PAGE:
It wasn’t supposed to turn out this way. We were supposed to go through the season continuing to rag on Sandy Alderson and Jeff Wilpon for their insolence and lack of creativity in building a team worthy of their fans. Instead, there is a buzz around a team which can legitimately set its sights on playing baseball in October.
The Mets didn’t exactly light up the back pages of New York newspapers over the winter. And when they did, it usually came with a story themed on how cheap the organization is and why in the hell can’t they be more like that team in the Bronx, where they have a GM who magically steals the best power hitter in the game for nothing?
The Mets, unlike the “other team,” moved the dial late in the offseason, adding Jay Bruce, Adrian Gonzalez, Anthony Swarzak, Jose Reyes, New Jersey-born Todd Frazier, and most recently, Jason Vargas to their roster. General Manager Sandy Alderson moved methodically and incrementally, picking and choosing from the cast of free agents until he found the combination that could improve the team, while also staying with the confines of a $150 million budget. A feat which seemed out of sight only a few weeks ago.
And so, it didn’t come as a total surprise yesterday when Alderson told the New York Post (essentially), We’re done, and this is the team you’re gonna get…
The Mets are not a great team, and they will have to scrape their way into the finals and a chance to play in October. Two months ago, that statement and even a mention of the team in parallel with the playoffs, would have been called ludicrous, asking instead do the Mets even have a chance of finishing over .500?
By and large, most fans ask for only one thing from the team they root for. And despite what the freakish Derek Jeter used to claim, “good” seasons are not measured by winning it all. Fans need to see their team in the hunt and playing competitive baseball in September. And as Joe Maddon likes to say, it’s not where you start that counts, it’s where you finish.
In that respect, last year was a disaster of Titanic proportions for the Mets, who trudged their way through 162 games over six months with nary a whisper of competitiveness in the second half. And we know about all the injuries and yadda, yadda, yadda. And whether it was the fault of the team doctors, Terry Collins, or God, who knows and who cares?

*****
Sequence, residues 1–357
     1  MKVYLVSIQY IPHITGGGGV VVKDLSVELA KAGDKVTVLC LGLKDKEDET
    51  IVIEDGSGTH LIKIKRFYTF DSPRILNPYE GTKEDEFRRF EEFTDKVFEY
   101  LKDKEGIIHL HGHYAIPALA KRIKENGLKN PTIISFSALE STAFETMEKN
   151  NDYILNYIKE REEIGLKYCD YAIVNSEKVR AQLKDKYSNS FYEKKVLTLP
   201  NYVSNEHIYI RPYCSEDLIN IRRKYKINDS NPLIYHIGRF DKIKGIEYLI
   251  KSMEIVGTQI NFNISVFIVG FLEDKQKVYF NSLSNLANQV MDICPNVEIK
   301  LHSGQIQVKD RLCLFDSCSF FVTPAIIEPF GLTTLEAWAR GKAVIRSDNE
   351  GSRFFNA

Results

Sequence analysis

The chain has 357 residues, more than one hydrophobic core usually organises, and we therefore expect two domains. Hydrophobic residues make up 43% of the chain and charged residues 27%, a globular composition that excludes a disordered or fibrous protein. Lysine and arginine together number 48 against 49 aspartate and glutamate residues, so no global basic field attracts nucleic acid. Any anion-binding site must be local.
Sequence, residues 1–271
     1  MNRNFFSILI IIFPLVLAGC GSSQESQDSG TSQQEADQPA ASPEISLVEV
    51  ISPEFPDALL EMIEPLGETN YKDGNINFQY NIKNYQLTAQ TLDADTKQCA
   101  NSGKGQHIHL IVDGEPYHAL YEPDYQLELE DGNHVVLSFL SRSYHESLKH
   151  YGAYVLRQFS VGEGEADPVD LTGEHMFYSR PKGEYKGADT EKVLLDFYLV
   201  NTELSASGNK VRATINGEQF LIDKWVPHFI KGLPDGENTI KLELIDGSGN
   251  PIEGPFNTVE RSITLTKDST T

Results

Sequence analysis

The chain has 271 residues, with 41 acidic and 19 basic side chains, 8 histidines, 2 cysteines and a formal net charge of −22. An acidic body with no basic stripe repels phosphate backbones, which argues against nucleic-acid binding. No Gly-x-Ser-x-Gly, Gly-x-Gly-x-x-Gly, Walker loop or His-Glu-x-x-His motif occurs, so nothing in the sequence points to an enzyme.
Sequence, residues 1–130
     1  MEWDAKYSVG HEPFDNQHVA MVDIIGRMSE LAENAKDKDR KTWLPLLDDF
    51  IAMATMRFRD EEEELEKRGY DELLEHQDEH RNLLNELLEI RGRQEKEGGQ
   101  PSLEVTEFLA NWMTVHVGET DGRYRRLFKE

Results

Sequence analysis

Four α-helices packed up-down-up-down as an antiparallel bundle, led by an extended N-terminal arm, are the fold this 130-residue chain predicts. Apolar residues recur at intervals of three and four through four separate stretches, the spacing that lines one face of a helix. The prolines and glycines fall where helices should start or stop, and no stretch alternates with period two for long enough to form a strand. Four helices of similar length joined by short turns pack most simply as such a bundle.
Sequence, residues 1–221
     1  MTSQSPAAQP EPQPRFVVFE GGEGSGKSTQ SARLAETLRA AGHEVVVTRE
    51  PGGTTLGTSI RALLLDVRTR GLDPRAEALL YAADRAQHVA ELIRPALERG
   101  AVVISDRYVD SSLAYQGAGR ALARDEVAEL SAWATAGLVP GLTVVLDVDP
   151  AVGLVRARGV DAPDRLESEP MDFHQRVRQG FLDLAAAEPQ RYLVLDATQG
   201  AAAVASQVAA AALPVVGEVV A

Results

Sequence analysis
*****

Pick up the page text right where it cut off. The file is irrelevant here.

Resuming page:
The point was the culture of the Mets needed to change. When Alderson began the offseason with a bang bringing in fresh blood by hiring Mickey Callaway (remember saying, who?), the seed was planted and the only thing left was for more talent to be brought in as well. As we said, it took a while, but here we are.
The Mets now have a very credible one-two-three punch in their starting rotation with Jacob deGrom, Noah Syndergaard, and Vargas. And when you look at names like Matt Harvey, Steven Matz, Zack Wheeler, and even Seth Lugo battling for the remaining two spots, there is more than the potential for the Mets putting a scare in any team they face.
April could be a slow month for the team as they await the arrival of Michael Conforto returning from injury, plus the notoriously slow start and the bat of Yoenis Cespedes to get heated up. But with the team constructed as it now is, there should be no reason for panic because the Mets do have the pieces to put it all together as the season moves on.
Yeah, I’m the guy who roots mainly for that “other team.” But I gotta tell you; the Mets have me excited for the first time since that ill-fated World Series appearance three years ago. And maybe this year, the Subway Series will go beyond the inexcusable hype it receives, and be fun and something to watch this year. And just perhaps, in October the Mets and Yankees…
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